What are Our Thoughts on the Potential Overturning of Roe v. Wade?

Students consider the ethics of the decision to overturn Roe v. Wade and its potential implications.

Reading Time: 4 minutes

“I was initially aghast. It was horrific to think that after decades, [the government] would even consider overturning an act that granted women their first amendment rights. The decision would’ve meant a regression in our democratic progress and a sign of disrespect to all the women over centuries who have fought for their rights and contributed to society just as much as men did. Abortion rights are natural rights that all women should have. It is their body and they should choose to do what they want with it. Not giving women that choice is a violation of their rights.” —Joanna Meng, sophomore

“I went to the rally after school in Foley Square. And Leticia James spoke, [and], like, a lot of really big politicians and activists [were] talking about their experiences and about New York. That's when I really realized everything and how severe it was, and how much it was going to impact women of color and poor women in this country. I live in New York, so I didn't really know how terrible it was for women in other states. It already is so hard to get an abortion and it was very eye opening.” —Helen Mancini, freshman

“I don’t feel like the right decision was made because the legislators [aren’t] female; they’re not the ones that are going to have to deal with the pregnancies. Second, they’re overturning the right to abort, but they’re not putting anything in place to take care of the children that are now going to be born. Third, overturning Roe vs. Wade [...] doesn’t mean that there’s not going to be abortions, it means that there are going to be more dangerous abortions. As a human race, we have control of our bodies, we’ve established this; no one else is allowed to control our body. And giving birth—that is a facet of your body. And the same way that people get mad, which, by the way, doesn’t affect other people [...] if someone gets an abortion, even if it affects your religious and political beliefs. We’re not a theocracy, we’re a democracy, so we don’t have to cater to Christian beliefs.” —Orup Ghosh, sophomore

“It’s men deciding women’s rights in general. I think the situation is very unfair against the people it affects and is very hypocritical in a way, because people who decide the rights for abortion are basically the same people that, during the COVID pandemic, [...] argued ‘my body, my rights’ when they didn’t want to mask and now they’re essentially saying ‘your body, my rights.’” —Edmund Chin, sophomore

“I wasn’t too surprised when I heard that Roe v. Wade was being overturned, to be honest. I think that there is a strong sentiment against abortion in [a lot] of the country and many of the justices echo this view. I think that women should be given the right to choose if they want to have an abortion and that the country is moving backward if we are taking this right away from them. For me as a guy, this doesn’t really affect me in any big way. However, for women in this country, it takes away their freedom to choose, which I think is really unfortunate. To be honest I do not plan on taking any action. I know that the overturning of abortion is horrible for this country, but I don’t really feel compelled to take action.” —Faiyaz Rafee, junior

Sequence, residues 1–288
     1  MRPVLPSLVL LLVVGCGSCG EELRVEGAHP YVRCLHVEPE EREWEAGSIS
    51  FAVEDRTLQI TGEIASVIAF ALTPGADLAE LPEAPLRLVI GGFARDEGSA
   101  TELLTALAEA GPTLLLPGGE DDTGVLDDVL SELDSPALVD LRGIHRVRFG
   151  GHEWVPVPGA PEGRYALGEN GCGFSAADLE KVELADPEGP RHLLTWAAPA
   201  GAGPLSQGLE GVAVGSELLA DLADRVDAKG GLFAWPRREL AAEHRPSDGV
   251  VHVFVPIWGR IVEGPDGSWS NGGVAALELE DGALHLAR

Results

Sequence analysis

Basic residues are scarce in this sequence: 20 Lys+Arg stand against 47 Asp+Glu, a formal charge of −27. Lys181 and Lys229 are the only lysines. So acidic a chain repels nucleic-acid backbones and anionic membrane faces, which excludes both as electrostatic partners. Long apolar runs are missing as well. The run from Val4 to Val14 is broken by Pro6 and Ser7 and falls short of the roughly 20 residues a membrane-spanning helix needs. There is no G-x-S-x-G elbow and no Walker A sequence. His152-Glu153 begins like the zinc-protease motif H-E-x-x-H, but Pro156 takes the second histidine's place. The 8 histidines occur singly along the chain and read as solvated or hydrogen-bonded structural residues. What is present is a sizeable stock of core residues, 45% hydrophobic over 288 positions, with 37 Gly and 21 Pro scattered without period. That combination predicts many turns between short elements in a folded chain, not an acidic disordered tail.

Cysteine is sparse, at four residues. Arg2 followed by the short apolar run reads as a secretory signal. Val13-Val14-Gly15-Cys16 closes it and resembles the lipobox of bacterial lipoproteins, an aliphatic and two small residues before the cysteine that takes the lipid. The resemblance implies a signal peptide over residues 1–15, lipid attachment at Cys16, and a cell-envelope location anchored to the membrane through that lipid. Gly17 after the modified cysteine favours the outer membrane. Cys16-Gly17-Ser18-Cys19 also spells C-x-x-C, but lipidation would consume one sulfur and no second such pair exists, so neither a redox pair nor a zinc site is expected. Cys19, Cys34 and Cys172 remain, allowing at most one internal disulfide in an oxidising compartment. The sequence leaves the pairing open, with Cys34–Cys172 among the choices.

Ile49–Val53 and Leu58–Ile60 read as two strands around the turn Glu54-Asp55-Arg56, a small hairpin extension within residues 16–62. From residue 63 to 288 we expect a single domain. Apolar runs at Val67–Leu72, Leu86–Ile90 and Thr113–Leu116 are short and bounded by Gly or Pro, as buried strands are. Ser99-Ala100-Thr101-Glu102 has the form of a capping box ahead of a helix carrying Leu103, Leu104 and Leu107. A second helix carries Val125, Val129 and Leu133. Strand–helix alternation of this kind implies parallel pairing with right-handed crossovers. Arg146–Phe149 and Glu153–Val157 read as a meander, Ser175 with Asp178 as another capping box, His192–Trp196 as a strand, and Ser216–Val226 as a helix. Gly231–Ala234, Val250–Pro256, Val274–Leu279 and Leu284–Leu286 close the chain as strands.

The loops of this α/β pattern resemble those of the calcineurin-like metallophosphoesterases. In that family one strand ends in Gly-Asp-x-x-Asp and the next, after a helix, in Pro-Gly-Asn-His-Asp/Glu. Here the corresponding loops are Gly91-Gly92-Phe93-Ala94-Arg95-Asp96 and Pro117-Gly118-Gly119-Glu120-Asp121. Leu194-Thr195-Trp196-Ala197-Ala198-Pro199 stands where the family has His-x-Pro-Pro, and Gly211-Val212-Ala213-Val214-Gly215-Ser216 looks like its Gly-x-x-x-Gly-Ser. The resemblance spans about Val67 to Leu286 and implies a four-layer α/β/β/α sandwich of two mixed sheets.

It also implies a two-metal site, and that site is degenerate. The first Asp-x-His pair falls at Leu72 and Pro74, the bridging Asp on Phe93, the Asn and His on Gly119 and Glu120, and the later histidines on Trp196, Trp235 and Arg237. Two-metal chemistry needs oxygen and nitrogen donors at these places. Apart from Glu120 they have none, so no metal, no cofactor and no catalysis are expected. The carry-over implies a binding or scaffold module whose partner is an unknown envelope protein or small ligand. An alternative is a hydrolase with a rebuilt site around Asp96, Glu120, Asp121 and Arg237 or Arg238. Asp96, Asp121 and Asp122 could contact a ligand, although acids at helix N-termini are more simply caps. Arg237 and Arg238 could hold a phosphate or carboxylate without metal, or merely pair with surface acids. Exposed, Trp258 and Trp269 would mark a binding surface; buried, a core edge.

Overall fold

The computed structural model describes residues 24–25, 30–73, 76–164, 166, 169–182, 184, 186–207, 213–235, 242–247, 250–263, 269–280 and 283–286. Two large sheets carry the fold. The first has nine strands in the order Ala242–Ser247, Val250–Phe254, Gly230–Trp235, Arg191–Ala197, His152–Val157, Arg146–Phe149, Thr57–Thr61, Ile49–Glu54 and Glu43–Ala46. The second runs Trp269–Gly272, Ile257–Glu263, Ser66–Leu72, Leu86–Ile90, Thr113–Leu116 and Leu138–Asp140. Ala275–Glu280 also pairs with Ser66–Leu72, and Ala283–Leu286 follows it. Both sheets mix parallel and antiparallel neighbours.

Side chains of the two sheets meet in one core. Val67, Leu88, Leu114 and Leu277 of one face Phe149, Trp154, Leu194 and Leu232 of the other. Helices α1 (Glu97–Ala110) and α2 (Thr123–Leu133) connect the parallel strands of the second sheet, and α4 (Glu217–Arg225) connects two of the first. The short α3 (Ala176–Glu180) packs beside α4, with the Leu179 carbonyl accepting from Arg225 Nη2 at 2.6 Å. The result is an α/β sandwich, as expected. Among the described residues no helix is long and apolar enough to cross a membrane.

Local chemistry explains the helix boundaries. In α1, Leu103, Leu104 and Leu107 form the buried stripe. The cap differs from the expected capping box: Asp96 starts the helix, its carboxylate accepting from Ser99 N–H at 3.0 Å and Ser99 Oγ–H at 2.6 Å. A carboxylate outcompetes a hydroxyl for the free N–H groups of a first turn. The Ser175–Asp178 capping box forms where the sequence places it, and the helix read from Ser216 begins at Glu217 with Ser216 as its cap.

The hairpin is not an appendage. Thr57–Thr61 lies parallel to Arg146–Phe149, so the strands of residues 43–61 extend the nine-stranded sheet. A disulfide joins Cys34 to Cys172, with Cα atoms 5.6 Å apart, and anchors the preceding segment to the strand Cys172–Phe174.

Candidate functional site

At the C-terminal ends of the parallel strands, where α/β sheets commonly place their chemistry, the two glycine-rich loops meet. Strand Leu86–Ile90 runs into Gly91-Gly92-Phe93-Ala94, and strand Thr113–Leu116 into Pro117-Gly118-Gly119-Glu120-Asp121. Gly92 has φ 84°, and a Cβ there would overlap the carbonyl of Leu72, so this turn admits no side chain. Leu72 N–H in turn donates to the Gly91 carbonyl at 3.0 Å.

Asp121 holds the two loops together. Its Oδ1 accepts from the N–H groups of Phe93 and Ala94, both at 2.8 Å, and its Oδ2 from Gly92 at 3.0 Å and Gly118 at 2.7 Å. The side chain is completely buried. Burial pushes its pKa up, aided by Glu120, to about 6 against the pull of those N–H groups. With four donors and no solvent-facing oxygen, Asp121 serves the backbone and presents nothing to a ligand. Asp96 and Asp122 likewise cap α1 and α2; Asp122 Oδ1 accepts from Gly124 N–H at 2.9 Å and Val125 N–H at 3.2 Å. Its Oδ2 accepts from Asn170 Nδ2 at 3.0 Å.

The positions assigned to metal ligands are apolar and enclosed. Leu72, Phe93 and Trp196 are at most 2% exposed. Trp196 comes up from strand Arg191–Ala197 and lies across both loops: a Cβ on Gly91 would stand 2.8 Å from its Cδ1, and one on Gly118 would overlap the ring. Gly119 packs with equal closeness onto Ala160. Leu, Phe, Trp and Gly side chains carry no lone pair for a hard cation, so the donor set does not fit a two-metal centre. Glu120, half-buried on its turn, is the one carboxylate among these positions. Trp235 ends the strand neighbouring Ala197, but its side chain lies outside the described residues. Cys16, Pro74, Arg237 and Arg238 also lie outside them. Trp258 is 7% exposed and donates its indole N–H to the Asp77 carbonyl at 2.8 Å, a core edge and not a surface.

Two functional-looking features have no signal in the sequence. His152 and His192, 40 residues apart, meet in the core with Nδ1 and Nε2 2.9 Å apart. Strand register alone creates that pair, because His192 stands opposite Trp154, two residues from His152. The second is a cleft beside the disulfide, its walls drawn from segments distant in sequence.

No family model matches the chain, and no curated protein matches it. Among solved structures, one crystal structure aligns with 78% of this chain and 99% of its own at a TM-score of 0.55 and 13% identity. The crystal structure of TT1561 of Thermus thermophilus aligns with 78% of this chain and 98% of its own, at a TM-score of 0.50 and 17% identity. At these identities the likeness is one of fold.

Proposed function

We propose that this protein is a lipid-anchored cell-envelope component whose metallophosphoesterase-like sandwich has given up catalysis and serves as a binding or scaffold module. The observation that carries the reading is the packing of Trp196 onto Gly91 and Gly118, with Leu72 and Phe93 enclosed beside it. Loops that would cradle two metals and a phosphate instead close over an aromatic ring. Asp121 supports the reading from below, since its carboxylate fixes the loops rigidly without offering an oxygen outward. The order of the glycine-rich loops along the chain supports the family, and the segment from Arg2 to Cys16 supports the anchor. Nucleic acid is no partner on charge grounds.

“As a staunch defendant of bodily autonomy, I believe a woman has the right to choose to get an abortion, as the fetus is reliant on the mother’s body for nutrients until that point. However, as a staunch defender of the Constitution and federalism, I also believe that states should have the sovereignty to determine the policies within their borders. After all, the regional constituents of a state know best which policies they prefer over those in other states and, as such, are more responsive to demands [that are] more popular in their states. In fact, Democratic Justice Ruth Bader Ginsburg, famous for her pro-choice views, holds that Roe v. Wade was a poorly decided Supreme Court case. As a result, it seems logical that states should decide when a fetus is viable and when it should be protected. Even if we may have personal beliefs on the issue of abortion, it is most effective to keep the issue a state issue. Otherwise, the federal government would easily have the power to entirely outlaw abortion just as easily it could allow it in all 50 states.” —Sayeb Khan, junior

“Justice Alito’s originalist drive to overturn Roe v. Wade threatens the fragile future of women’s reproductive rights in America, but more importantly, implies that anything he, 72 and aging, doesn’t find emphasized or not “deeply rooted” in his interpretation of American society should not be legally recognized or protected: women’s rights, working rights, gay rights, civil rights, and so much more.” —Qing Yi Chen, junior

“I think that everyone should have the right to safe abortion should they need one, because there are a variety of different reasons why a person might need them and it's not always just an irresponsibility thing. If the [government] had the children and the mothers in mind then they would have tried to make the adoption system better, make it easier to get birth control, make it easier to prevent unwanted pregnancies, or try to prevent unsafe abortions, but they are not really doing any of that. I feel like the overturning of the case is directly just to try to control, as it's been seen before in history, just to control women’s rights. Historically it's also a trend, continuing now into this area of [reproductive rights].” —Zareen Islam, sophomore